Date: 23 Feb 2011

The Medial Olivocochlear System Attenuates the Developmental Impact of Early Noise Exposure

Abstract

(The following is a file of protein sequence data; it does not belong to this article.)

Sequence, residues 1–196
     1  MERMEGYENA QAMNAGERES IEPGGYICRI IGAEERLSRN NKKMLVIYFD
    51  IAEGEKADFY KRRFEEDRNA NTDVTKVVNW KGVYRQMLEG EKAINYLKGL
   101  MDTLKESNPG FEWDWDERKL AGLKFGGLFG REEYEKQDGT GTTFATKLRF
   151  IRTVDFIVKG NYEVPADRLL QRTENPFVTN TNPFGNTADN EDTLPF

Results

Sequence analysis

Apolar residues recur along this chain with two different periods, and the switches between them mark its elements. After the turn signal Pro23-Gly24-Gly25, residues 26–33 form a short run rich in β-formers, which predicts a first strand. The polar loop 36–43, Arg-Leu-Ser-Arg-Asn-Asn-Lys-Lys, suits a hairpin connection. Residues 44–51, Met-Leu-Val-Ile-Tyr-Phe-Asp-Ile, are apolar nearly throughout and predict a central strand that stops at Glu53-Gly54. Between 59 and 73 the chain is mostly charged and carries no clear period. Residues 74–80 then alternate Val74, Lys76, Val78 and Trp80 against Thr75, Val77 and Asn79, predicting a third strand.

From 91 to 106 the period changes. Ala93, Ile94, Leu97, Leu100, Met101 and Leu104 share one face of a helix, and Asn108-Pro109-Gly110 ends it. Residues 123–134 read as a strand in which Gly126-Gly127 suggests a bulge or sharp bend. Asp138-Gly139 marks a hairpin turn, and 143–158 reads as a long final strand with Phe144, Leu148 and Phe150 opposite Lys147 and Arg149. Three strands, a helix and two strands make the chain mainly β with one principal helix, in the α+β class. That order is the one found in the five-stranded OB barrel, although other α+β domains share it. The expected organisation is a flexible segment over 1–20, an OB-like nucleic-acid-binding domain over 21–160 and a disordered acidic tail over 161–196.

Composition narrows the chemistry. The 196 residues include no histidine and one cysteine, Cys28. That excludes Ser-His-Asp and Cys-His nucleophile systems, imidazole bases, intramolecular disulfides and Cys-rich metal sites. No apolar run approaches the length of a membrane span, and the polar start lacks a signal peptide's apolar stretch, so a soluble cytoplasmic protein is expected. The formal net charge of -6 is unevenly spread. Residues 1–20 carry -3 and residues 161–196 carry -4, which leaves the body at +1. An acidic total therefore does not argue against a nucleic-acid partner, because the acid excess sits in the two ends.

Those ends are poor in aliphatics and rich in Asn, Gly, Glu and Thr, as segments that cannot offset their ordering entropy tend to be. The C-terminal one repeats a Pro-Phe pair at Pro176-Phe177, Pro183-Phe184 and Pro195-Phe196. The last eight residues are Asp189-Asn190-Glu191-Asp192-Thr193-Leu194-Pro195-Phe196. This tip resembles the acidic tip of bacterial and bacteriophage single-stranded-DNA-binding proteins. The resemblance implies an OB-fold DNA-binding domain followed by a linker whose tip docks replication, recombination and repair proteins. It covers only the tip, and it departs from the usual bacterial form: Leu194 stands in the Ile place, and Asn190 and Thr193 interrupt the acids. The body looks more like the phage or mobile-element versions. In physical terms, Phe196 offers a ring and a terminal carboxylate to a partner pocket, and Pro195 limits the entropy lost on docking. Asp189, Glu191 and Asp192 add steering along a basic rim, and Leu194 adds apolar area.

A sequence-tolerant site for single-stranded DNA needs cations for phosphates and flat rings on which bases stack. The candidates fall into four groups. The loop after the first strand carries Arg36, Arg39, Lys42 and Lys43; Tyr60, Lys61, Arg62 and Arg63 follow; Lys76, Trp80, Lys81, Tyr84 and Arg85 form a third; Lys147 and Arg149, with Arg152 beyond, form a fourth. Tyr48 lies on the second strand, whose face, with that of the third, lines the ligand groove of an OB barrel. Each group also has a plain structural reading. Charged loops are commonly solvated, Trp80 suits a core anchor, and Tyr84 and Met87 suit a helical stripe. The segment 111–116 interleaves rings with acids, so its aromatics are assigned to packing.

The early onset of peripheral deafness profoundly alters the functional maturation of the central auditory system. A prolonged exposure to an artificial acoustic environment has a similar disruptive influence. These observations establish the importance of normal patterns of sound-driven activity during the initial stages of auditory development. The present study was designed to address the role of cochlear gain control during these activity-dependent developmental processes. It was hypothesized that the regulation of auditory nerve activity by the medial olivocochlear system (MOCS) would preserve normal development when the immature auditory system was challenged by continuous background noise. To test this hypothesis, knock-out mice lacking MOCS feedback were reared in noisy or quiet environments and then evaluated with behavioral paradigms for auditory processing deficits. Relative to wild-type controls, noise-reared knock-out mice showed a decreased ability to process rapid acoustic events. Additional anatomical and physiological assessments linked these perceptual deficits to synaptic defects in the auditory brainstem that shared important features with human auditory neuropathy. Our findings offer a new perspective on the potentially damaging effects of environmental noise and how these risks are ameliorated by the protective role of MOCS feedback.